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Last-ditch effort to reach compromise

FORMULA One teams have written to the sport's powerbrokers in what they see as a final attempt to break a deadlock over next year's rules and prevent a damaging split.

"The time has come when, in the interests of the sport, we must all seek to compromise and bring an urgent conclusion to the protracted debate regarding the 2010 world championship," the Formula One Teams Association (FOTA) said.

The letter was addressed to International Automobile Federation (FIA) president Max Mosley and Formula One's commercial supremo Bernie Ecclestone.

"We hope that you will consider that this letter represents significant movement by the teams, all of whom have clearly stated a willingness to commit to the sport until the end of 2012," it added.

"We would therefore strongly but respectfully submit that you consider these proposals and seek to avoid the potential departure from Formula One of some important teams. Now is the time to find a reasonable and rapid solution to the outstanding issues."

A source at one of the teams indicated that the letter represented a last attempt at compromise with a Friday deadline looming for five of the FOTA member teams to make their 2010 championship entries unconditional, with the FIA's reaction of critical importance.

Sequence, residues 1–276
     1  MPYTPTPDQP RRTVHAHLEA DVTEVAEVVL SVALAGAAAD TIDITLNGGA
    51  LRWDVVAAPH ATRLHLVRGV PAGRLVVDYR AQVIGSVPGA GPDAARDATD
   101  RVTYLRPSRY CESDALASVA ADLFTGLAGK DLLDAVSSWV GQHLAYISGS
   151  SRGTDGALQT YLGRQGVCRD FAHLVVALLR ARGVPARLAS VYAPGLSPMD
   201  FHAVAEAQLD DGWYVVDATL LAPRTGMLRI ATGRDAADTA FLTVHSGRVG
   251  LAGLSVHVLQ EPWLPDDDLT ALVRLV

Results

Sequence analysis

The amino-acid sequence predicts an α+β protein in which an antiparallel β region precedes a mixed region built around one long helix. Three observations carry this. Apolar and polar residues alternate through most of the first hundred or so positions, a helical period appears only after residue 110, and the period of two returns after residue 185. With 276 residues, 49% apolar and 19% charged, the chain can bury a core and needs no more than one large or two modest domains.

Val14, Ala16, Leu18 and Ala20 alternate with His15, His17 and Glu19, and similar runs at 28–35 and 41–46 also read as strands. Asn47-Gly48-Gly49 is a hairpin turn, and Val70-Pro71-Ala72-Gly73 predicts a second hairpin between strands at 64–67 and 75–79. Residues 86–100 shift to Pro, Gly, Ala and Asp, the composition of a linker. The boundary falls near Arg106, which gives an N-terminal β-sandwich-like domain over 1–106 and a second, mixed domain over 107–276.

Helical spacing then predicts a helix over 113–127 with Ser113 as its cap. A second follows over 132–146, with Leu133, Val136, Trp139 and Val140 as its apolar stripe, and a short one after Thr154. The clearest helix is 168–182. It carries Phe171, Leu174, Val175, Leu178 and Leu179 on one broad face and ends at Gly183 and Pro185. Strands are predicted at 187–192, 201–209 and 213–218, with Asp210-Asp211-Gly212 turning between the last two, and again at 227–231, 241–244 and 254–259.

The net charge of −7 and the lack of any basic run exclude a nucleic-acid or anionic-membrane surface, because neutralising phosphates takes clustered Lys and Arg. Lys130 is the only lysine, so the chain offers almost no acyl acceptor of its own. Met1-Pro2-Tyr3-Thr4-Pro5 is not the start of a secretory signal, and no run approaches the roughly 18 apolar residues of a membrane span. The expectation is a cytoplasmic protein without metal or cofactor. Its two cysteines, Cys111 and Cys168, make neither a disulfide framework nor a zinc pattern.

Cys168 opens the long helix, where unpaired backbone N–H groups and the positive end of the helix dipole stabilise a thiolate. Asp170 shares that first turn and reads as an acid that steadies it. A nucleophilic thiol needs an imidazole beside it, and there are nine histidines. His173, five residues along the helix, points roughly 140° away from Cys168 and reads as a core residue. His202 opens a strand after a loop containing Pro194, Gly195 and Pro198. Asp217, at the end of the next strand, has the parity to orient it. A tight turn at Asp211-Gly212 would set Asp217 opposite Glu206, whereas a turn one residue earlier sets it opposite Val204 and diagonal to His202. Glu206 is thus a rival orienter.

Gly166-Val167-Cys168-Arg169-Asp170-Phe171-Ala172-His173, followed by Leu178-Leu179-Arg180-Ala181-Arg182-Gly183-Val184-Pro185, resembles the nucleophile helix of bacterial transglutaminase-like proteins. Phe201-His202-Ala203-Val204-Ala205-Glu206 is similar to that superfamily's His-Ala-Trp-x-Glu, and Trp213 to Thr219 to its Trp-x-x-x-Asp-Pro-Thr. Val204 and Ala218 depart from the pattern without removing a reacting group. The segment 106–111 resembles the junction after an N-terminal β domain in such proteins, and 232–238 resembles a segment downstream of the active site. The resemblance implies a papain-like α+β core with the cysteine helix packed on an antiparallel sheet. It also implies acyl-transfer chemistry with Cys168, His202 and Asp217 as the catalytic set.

FOTA suggested the deadline should be extended to July 1 to allow time for further discussions and the signing of a new confidential Concorde Agreement.

The FIA said on Tuesday that talks with the eight teams within FOTA had broken down and the 2010 rules, that include a controversial budget cap, would remain as published.

Ferrari has threatened to walk out after an unbroken 60 years in Formula One if an optional 40 million pound (US$65.22 million) budget cap, designed to help new teams enter and existing ones weather the credit crunch, is not scrapped.

Renault, Toyota and the two Red Bull teams have also said they cannot accept the rules.

The FIA has also accused FOTA of wanting to take over the sport.



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